• Raise the price of its less profitable
    products or eliminate them

    • Try to sell the customer 2 and 3 its profit-
    making products
Customer Profitability Analysis (CPA)                 - is
best conducted with the tools of an accounting technique
called activity-based costing (ABC).


Different profit-tiers customers:

     Platinum customers – most profitable
      Gold customers – profitable
      Iron customers – low profitability but
     desirable for volume
      Lead customers – unprofitable and
     undesirable
              Customer Portfolios
 One perspective is that a firm’s portfolio consist of a
combination of acquaintances, friends, and partners that are
constantly changing. The 3 types of customers will differ in
their product needs, their buying, selling, and servicing
activities, and their acquisition costs and competitive
advantages.

 Another perspective compares the individuals who make
up the firm’s portfolio to the stocks that make up an
investment portfolio. From this perspective, firms should
assemble portfolios of negatively correlated individuals so
that the financial contributions of one offset the deficits of
another to maximize the portfolios risk-adjusted lifetime value.
Measuring Customer Lifetime Value

   Customer lifetime value (CLV) – describes the
   net present value of the stream of the future
   profits expected over the customer’s lifetime
   purchases.


   CLV calculations provide a formal quantitative
   framework for planning customer investment and
   help marketers adopt a long-term perspective.
Cultivating Customer Relationships
 Maximizing customer value means cultivating long-
 term customer relationships.

  Information has the advantages of being easy to
  differentiate, customize, personalize, and dispatch over
  networks t incredible speed.

  Customer empowerment has become a way of life for
  many companies that have o adjust to a shift in the
  power with their customer relationships.
 Customer Relationship Management
              (CRM)
    -- is the process of carefully managing detailed
    information about individual customers and all customer
    “touch points” to maximize customer loyalty.


        Customer touch point - is any occasion on which the
        customer encounters the brand and product– from
        actual  experience     to    personal   or    mass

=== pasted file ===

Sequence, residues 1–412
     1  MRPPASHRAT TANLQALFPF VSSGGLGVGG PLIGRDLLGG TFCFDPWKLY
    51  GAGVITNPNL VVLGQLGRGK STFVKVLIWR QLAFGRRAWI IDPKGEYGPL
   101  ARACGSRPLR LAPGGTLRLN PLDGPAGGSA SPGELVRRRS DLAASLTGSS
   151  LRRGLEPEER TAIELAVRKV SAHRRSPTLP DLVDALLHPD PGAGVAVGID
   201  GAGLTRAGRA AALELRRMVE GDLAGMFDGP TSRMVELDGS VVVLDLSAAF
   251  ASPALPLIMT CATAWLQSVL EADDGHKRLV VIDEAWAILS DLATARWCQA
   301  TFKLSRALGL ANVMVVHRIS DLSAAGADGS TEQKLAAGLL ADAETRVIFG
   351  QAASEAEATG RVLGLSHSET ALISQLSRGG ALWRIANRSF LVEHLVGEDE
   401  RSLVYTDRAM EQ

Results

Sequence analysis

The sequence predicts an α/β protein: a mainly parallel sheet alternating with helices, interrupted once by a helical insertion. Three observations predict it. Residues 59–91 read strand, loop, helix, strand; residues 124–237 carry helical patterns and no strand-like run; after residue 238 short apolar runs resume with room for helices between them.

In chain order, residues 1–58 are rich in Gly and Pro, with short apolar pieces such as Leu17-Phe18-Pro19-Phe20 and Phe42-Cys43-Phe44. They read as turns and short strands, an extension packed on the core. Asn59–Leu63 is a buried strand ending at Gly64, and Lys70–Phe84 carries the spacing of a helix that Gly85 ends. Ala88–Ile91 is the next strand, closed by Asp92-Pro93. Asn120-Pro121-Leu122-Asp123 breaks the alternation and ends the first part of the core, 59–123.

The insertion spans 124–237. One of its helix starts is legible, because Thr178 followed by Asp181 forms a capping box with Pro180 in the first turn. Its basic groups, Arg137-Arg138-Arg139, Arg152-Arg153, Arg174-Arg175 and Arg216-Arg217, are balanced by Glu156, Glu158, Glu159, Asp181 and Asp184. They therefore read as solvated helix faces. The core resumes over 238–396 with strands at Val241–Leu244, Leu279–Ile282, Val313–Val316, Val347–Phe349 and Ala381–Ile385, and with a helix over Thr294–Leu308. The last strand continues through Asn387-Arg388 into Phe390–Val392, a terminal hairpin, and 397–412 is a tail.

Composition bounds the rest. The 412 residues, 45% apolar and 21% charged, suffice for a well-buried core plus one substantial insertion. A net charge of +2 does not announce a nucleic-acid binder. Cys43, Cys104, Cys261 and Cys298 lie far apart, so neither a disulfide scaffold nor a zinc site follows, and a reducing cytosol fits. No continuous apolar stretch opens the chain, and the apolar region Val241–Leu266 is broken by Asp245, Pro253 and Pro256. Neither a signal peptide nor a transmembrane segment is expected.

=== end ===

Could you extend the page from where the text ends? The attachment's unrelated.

communications to casual observation.

CRM enables companies to provide excellent real-time
customer service through the effective use of individual
account information.
          One-to-One Marketing
Don Peppers and Martha Rogers outline a four-step
framework for one-to-one marketing that can be adapted
to CRM marketing as follows:

 Identify your prospects and customers.
 Differentiate customers in terms of their needs and their
value to your company.
 Interact with individual customers to improve your
knowledge about their individual needs to build stronger
relationships.
Customize products, services and messages to each
customer.
Increasing Value of the Customer Base
Winning companies improve the value of their customer base by
excelling at strategies such as the following:


    Reducing the rate of customer defection.
    Increasing the longetivity of the customer
   relationship.
   Enhancing the growth potential of each customer
   through “share-of-wallet,” across selling and up-
   selling.
    Making low-profit customers more profitable or
   terminating them.
    Focusing disproportionate effort on high-value
   customers.
  Attracting and Retaining Customers


       To generate leads, company develop ads and
place them in media that will reach new prospects;
Send direct mail and make phone calls to possible
new prospects;
Purchases names from list brokers.
         Reducing Defection
To reduce the defection rate, the company must:

1. Define and measure its retention rate.
2. Distinguish the causes of customer attrition
   and identify those that can be managed better.
3. Compare the lost profit equal to the
   customer’s lifetime value from a lost customer
   to the costs to reduce the defection rate.
                 Building Loyalty
 Creating a strong tight connection is the dream of
  many marketer and often the key to long term
  marketing success.

Interacting with customers
 Listening to customers is crucial to customer relationship
  management.
 It is also important also important to be advocate and as much as
  possible take the customers side on issues understanding their
  point of view
Developing Loyalty Programs
 Two customers loyalty programs that companies can offer are
  frequency programs and club marketing programs.

FREQUENCY PROGRAMS (FP’s)
 Are design to provide rewards to customers who buy frequently
  and in substantial amounts.

CLUB MEMBERSHIP PROGRAMS
 It is open to everyone who purchase a product or service or it
  can be limited to an affinity group or to those willing to pay a
  small fee.
 Fee’s and membership conditions prevent those only a fleeting
  interest in a company’s products from joining.
Examples of Highly successful clubs include the following:
 Apple Inc.                       - Harley Davidson
Personalizing Market
   Company personnel can create strong bonds with customers by
    individualizing and personalizing relationships.
   TECHNOLOGY is an essential ingredient for the best relationship
    marketing today.

  Distinction between customer and clients:

         Customers                                Clients

• may be nameless to the institute   • cannot be nameless to the
• served as part of the mass or as   institute
part of the larger segments          • served on an individual basis
• served by anyone who happens       • served by the professional
to be available                      assigned to them.
Creating Institutional Ties



   The company may supply customers with special